In what could be seen as a signal that the main opposition Republican People's Party (CHP) may also boycott Parliament, just like 30 independent deputies have already decided to do, CHP Deputy Chairman Gürsel Tekin said on Friday that they would consider all options if the appeals filed against a Thursday ruling that barred two jailed CHP deputies from entering Parliament are rejected.
The İstanbul 13th High Criminal Court, which is hearing the case against Ergenekon, announced its decision on two CHP deputies, journalist Mustafa Balbay and Professor Mehmet Haberal, on Thursday and in a majority vote ruled against their release although they were elected as deputies. They are currently standing trial as part of the investigation into Ergenekon, a clandestine criminal network accused of working to overthrow the government. Dozens of its suspected members are currently in jail, accused of terrorism-related charges.
Following CHP leader Kemal Kılıçdaroğlu's harsh reaction to the court ruling on Thursday night, Tekin commented on the issue on Friday and recalled that the lawyers of the deputies appealed the decision. Noting that they don't want to even think about the rejection of the appeals, he said if this happens they would “try all options,” which implies that the party may also boycott Parliament, a method of protest recently adopted by the country's pro-Kurdish Peace and Democracy Party (BDP) following a decision by the Supreme Election Board (YSK) to strip a BDP-supported deputy of his right to assume his post due to a terrorism-related conviction.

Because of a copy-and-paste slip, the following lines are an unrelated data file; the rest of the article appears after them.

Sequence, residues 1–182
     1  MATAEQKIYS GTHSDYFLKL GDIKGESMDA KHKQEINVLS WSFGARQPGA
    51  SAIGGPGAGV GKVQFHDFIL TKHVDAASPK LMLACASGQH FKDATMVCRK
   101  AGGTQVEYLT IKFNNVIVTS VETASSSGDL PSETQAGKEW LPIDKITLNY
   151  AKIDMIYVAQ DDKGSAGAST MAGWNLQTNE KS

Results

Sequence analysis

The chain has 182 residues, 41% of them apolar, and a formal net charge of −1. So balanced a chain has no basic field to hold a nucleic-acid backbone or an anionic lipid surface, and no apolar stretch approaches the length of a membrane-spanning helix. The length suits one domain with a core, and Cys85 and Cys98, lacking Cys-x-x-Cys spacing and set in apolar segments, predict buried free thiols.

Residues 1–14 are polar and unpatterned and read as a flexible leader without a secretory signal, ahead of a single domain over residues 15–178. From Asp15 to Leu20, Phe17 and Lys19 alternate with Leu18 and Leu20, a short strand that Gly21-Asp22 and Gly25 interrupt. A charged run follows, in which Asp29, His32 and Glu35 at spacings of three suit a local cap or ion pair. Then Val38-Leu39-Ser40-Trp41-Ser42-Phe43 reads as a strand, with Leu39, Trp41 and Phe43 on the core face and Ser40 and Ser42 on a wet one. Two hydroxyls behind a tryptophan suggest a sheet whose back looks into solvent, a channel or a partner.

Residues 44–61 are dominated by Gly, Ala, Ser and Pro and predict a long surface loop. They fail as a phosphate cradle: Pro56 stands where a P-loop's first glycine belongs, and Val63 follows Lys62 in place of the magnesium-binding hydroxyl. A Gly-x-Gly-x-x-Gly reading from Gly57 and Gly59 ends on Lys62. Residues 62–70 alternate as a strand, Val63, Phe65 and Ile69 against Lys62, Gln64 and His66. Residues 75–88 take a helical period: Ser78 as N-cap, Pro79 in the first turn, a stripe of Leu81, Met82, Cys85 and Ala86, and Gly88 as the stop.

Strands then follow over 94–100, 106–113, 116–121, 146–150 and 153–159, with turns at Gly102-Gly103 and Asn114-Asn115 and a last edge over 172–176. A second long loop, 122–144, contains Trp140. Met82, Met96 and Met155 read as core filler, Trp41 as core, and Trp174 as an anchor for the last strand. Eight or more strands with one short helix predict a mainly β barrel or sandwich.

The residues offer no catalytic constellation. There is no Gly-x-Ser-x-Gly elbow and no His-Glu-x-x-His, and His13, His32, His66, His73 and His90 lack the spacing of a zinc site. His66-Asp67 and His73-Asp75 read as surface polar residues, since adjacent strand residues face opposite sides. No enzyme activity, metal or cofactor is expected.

However, Tekin did not want to make any comparisons to BDP and said the two parties differ in their political lines. “But, we will certainly stand by our friends,” he said.
Meanwhile, Prime Minister Recep Tayyip Erdoğan on Friday held a meeting with Justice and Development Party (AK Party) officials who had a legal background to evaluate recent developments concerning the elected deputies being barred from entering Parliament.